In anticipation of RubyC, which will be held in Kiev on May 31 – June 1, 2014, we offer our visitors to learn more about its honorable speakers. The first interview is with Jeremy Evans – a leading developer of California Bureau of State Audits.
The operating system I use on all of my personal machines is OpenBSD. When most people think about OpenBSD, they think about security, and while that’s important to me, the main reason I use OpenBSD is that it is easy to administer and rarely breaks. I’ve been an OpenBSD user in some capacity since 2002, and have been using it on all of my personal machines since 2008. In 2010 I became an OpenBSD developer, and I’m currently responsible for OpenBSD’s ruby ports, including JRuby and Rubinius. My preferred text editor is vim, though even after a few years of use I still only use the basics (no vim plugins). I occasionally use SciTE for simpler coding tasks that don’t require a lot of editing. I use fluxbox as my window manager. It’s simple and gets out of the way, and I like the way window tabs and keyboard shortcuts work.
I definitely get some personal satisfaction from knowing that people are able to solve their problems using software I wrote. I think in many cases I feel a sense of camaraderie. Most of the time I am helping people, I’m helping them learn how to use the software I wrote, to solve similar problems that I have faced. I also remember what I was like when I was starting as a programmer. I remember how much I appreciated when other programmers helped me learn, and so helping others is a way to pay back for the help other programmers have given me. In many cases while I’m helping people, I get a better understanding of what the problems are in my own software. These may be missing or incorrect documentation, or things that just plain don’t work the way they should. I get frustrated when software I use doesn’t work correctly, so I try hard to make sure that my software does work correctly, so that other programmers don’t feel frustrated when using it. Helping other programmers helps me improve my own software, which benefits all of the programmers that use the software I write. In addition to getting frustrated when software doesn’t work correctly, I also get frustrated when I ask for help from other programmers when using their software, and they take a long time to respond or don’t respond at all. I think it would be hypocritical if I expected other programmers to respond quickly when I asked for their help, while not responding quickly when other programmers ask me for help.
While it is not and may never be the most popular ruby ORM, since it is not the default ORM for Rails, I think it is still widely respected in the ruby community. I’m certainly most proud of my work on Sequel. I took over maintenance of the Sequel project in March of 2008, after only using it for about a month. It was the largest project I had worked on at the time I took over maintenance. While the overall architecture of Sequel was good and in general persists to today, the implementation was a mess and there was very little documentation. However, the test coverage was excellent, which gave me confidence in refactoring and improving the implementation. Under my maintenance, I think Sequel has gone from a simple database library for quick database access, to the premier ruby database library and object relational mapper (ORM). While it is not and may never be the most popular ruby ORM, since it is not the default ORM for Rails, I think it is still widely respected in the ruby community.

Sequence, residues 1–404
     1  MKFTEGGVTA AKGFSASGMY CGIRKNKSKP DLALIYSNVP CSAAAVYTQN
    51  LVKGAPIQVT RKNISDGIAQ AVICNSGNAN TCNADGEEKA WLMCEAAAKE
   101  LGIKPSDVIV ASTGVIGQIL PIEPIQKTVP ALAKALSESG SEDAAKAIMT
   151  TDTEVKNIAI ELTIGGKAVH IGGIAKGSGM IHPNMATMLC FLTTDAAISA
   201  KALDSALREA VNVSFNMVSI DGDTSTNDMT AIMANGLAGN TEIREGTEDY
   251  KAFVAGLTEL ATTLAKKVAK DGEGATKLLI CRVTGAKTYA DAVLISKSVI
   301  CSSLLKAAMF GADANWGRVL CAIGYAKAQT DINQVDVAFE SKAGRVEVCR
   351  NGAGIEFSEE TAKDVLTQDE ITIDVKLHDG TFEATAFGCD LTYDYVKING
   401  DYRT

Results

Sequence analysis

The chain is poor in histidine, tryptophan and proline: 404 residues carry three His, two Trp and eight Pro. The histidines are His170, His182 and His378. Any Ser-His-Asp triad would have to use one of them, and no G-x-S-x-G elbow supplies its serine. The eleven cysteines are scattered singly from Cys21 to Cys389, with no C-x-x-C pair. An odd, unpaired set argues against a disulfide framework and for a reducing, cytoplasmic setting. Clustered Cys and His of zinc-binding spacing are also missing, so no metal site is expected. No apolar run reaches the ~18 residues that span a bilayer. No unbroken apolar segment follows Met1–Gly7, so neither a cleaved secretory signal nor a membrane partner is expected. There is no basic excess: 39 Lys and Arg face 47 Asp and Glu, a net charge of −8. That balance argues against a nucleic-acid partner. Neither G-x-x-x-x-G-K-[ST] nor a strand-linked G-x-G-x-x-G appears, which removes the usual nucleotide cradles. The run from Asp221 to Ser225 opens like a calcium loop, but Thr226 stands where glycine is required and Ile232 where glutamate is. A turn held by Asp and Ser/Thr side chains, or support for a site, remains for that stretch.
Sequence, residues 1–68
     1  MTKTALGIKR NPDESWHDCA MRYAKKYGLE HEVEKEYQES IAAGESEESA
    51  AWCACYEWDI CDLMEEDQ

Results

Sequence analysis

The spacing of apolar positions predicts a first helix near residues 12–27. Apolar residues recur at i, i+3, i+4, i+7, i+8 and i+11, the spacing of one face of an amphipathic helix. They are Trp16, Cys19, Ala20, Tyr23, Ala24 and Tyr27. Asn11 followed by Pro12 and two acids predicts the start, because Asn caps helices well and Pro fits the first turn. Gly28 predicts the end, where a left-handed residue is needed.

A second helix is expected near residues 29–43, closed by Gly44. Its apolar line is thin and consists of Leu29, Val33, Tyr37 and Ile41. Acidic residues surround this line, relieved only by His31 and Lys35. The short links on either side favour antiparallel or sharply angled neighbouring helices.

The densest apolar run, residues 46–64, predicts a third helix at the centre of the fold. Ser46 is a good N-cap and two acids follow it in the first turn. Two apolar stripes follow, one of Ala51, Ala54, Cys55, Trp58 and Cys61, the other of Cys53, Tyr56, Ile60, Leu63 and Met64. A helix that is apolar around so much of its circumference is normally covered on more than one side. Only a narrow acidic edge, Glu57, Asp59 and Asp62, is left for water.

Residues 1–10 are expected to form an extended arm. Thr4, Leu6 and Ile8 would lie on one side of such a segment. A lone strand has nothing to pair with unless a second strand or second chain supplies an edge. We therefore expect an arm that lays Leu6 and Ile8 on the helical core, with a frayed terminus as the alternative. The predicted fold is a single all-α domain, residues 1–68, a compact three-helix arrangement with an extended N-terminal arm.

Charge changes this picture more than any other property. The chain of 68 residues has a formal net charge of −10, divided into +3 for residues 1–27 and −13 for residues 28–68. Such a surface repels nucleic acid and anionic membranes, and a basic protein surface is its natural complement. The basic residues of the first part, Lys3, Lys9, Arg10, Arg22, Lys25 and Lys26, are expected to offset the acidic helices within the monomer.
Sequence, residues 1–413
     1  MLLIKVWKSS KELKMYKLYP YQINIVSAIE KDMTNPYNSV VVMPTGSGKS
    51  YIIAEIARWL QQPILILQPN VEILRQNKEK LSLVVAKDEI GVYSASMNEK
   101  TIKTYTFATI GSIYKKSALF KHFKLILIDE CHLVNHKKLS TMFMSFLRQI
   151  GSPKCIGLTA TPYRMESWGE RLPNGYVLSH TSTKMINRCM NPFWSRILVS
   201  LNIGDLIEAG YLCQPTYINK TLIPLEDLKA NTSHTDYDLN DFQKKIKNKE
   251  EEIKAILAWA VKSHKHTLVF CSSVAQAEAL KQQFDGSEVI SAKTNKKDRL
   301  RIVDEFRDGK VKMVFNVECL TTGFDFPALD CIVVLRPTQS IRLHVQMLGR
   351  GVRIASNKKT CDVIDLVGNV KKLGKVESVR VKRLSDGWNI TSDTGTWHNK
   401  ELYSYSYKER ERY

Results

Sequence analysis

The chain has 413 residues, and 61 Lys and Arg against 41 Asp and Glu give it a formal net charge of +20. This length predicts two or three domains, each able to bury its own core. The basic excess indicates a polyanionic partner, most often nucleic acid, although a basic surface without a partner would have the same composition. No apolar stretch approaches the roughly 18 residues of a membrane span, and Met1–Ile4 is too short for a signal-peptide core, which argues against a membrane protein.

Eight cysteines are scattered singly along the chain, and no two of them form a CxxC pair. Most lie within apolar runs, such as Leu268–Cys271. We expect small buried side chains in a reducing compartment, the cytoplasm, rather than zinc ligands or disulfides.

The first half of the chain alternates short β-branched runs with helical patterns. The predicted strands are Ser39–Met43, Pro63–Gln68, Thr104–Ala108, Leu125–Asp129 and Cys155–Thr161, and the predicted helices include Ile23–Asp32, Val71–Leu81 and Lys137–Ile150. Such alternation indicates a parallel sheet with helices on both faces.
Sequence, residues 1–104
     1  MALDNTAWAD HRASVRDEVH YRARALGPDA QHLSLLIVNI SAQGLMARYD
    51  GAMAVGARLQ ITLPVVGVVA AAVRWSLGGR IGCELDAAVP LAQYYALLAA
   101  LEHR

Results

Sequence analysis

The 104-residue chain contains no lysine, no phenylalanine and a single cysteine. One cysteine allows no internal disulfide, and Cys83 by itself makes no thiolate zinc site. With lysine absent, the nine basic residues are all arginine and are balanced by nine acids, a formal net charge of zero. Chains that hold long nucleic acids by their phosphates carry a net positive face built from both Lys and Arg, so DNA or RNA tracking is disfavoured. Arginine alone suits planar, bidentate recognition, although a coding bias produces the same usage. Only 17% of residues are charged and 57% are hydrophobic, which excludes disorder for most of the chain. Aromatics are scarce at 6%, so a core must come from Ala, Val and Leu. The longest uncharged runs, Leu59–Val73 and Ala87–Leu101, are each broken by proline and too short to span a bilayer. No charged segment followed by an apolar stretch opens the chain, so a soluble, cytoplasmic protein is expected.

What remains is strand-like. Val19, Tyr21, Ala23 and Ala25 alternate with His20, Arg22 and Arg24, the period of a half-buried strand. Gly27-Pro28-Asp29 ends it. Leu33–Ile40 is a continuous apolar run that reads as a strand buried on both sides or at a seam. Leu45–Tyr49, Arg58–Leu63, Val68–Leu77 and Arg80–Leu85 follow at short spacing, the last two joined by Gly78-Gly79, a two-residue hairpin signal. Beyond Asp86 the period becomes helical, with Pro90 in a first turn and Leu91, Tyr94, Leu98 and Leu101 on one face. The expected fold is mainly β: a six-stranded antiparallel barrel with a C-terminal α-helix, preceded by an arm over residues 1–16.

While I’ve never worked for them or any other start-up, my favorite start-up is Heroku. In addition to using Sequel extensively in their internal systems, they also host many of my personal web applications for free.
In general, I test code in all my projects before every commit, or at least before I push changes to GitHub. For Sequel, this testing is quite extensive, as I’m testing on about 6 ruby implementations, over 10 database adapters, and over 10 databases, with the total number of test suites run probably numbering over 100. In terms of the testing library itself, I usually use RSpec. The test style I use hasn’t changed much since RSpec 1, and many of the libraries I work on, including Sequel, will run on RSpec 1, 2, or 3. I do use Travis-CI on Sequel and another project, but in general I’ve found it reports more false positives than actual issues. Still, for my more popular projects, I still think it is a net benefit to use Travis.
I did have very brief exposure to programming as a child (some basic graphic programming when I was around 10), and some additional exposure during college (C++ and Java), but I didn’t start programming professionally until I was 23. I would probably be a much better programmer now if I had started younger. I’m not sure I would advise my children to try programming at all unless they showed an interest in doing so. However, if they wanted to learn programming, I’d probably try to start them on Ruby or Python.
I think reading is important, but like many things, programming is something that requires a large amount of experience to do well. I read a lot of free programming books, and while I’ve definitely learned things just from reading, I’ve learned far more by trying to build something after reading.
I plan to continue working on Sequel. It’s been a little while since I tried learning a new programming language (my last one was Io), so I may take some time to learn a new one. I’m looking at Smalltalk, Nimrod, Elixir, and Forth as possible new programming languages to learn. Usually I try to implement a small library or application in the language. It needs to be small enough that it doesn’t take too much time, but large enough so that I get a good feel for the language.
Thank you and see you at RubyC!
April 18, 2014